The European Commission still targets 2015 as the date to equip all new cars sold across its 27 member states with the eCall emergency warning system.
“Our goal is for this life-saving technology to be in all new cars and light vehicles, in all member states, by the end of 2015,” said the EU’s commisioner for the digital agenda, Neelie Kroes. “And we are working to make that a reality.”
The EU’s eCall system will send out an accident warning and automatically transmit key information about the location of a vehicle and the nature of an accident. It will use an embedded SIM card to assure full-time connectivity.
Though some carmakers such as Mercedes have already started implementing eCall, the adoption of a mandatory system¬†has been slow to get the formal green light from all EU member governments.
That hesitancy reflects concerns about costs and feasibility of implementing a Europe-wide new system.
ACEA, the European automakers association, said in early 2012 that the group supported eCall in principle. But it expressed worries about the lead time that would be available to get the technology in place in new models whose development had already been finalized. In addition, ACEA voiced a range of technical concerns about the EU’s plans.
Some carmakers¬†such as Ford Motor also feel their own proprietary emergency-calling systems should qualify under eCall. At the moment, Ford’s system doesn’t yet qualify, but discussions are continuing, a senior Ford executive told automotiveIT.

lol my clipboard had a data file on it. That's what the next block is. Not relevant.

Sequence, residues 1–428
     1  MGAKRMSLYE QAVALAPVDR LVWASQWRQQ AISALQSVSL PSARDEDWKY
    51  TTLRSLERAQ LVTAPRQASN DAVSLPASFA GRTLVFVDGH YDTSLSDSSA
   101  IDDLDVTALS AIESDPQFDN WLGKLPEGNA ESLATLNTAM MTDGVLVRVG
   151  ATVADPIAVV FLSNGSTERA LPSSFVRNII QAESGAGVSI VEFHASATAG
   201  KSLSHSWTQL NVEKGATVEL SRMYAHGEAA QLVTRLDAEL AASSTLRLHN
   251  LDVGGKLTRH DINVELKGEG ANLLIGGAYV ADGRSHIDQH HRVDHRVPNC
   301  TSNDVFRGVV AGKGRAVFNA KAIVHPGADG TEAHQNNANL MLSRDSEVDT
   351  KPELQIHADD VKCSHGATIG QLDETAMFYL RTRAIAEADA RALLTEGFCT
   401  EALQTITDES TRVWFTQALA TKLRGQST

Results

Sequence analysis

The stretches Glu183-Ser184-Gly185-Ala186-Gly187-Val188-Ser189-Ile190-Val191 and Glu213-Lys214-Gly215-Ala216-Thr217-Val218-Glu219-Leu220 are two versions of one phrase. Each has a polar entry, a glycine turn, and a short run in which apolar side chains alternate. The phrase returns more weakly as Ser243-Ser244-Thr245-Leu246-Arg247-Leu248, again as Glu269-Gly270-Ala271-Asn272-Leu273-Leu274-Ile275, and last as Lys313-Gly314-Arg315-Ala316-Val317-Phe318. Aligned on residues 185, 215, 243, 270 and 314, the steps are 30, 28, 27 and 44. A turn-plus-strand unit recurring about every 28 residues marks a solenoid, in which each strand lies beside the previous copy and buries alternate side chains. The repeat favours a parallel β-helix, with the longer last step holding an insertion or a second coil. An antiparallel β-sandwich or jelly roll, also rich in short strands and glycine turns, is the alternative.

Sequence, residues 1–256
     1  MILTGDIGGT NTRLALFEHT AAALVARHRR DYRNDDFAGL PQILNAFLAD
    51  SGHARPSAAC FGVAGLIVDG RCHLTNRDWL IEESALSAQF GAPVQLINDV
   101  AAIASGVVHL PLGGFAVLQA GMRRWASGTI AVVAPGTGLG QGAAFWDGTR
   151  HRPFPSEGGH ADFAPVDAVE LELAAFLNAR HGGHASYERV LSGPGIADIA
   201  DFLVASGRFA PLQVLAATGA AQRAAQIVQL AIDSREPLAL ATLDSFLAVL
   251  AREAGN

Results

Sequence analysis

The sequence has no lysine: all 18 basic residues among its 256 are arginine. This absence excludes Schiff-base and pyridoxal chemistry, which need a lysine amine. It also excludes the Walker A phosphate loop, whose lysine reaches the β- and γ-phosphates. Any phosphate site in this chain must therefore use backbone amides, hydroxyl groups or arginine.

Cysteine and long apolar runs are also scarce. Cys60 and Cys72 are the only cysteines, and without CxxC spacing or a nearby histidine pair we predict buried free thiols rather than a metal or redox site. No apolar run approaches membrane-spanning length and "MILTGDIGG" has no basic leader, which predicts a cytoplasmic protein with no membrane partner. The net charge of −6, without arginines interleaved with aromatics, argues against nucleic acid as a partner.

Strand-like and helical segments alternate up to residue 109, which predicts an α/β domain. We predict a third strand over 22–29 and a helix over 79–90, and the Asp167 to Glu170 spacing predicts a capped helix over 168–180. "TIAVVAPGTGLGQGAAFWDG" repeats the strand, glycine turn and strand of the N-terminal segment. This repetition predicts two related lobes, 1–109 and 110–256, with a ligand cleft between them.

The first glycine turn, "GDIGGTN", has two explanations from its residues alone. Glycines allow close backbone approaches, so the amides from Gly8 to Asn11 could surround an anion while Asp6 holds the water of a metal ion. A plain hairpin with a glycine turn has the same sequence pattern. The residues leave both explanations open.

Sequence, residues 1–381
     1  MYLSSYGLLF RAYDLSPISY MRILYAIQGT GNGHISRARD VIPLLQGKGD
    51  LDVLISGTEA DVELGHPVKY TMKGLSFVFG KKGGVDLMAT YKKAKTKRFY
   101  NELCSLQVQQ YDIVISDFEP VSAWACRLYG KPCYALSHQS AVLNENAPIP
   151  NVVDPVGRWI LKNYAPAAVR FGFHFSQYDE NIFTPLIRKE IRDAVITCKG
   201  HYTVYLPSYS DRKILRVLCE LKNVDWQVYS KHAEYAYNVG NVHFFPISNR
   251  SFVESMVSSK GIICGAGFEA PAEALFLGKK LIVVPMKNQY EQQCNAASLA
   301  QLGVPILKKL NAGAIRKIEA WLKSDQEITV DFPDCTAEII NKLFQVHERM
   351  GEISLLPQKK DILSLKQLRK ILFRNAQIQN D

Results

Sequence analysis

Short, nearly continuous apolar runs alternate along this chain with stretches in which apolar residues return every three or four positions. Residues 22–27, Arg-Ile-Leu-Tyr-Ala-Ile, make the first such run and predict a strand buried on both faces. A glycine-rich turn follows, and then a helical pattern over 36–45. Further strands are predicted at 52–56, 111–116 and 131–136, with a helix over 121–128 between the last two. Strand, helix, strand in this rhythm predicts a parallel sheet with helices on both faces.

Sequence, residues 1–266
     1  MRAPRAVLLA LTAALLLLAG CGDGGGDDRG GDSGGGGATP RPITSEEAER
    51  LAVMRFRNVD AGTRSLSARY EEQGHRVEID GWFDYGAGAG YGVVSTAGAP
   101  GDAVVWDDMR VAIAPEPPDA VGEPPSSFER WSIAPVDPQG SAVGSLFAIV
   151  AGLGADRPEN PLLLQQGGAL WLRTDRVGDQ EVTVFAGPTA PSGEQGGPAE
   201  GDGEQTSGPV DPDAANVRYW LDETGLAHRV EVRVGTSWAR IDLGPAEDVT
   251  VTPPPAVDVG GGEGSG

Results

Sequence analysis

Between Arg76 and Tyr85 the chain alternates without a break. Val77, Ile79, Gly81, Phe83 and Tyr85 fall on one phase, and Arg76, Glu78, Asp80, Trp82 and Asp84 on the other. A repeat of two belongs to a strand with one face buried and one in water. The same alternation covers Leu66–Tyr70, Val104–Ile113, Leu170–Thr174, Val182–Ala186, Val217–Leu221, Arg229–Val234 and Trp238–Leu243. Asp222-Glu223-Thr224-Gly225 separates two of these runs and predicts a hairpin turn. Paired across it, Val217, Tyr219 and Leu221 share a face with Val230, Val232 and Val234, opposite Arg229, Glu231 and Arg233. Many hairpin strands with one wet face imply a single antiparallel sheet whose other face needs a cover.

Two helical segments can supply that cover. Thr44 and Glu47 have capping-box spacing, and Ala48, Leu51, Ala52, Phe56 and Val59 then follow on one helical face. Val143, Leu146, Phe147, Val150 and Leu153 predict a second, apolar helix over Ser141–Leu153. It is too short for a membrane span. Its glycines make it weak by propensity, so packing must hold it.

Kroes told the Intelligent Transport Systems World Conference in Vienna last week that IT will play a major role in creating smarter, more intelligent, integrated and cleaner mobility.
“A big part of the transformation in the coming decades will come from new digital technology,” she said.
In addition to eCall, which she said could save more than 2,000 lives a year, Kroes cited two other digital opportunities for Europe.
“There’s particularly, fertile ground at the intersection of ICT, transport and energy,” she said, ¬†providing as an example smart technologies that would let trams return energy to the grid when braking.
And she highlighted the potential for transformation resulting from increased cooperation across sectors. She said she was “particularly pleased” ¬†with the cooperation between carmakers, road operators and road authorities in the so-called Amsterdam Group established in early 2012.
Brussels has made 365 million euros in EU funds available for urban technology solutions and Kroes expressed optimism that IT could tackle some of the major problems of urbanization facing Europe.
“In many cases, the ideas to power smart cities are already out there, the technology is available,” she said. “We just need to deploy those inventions on the ground.”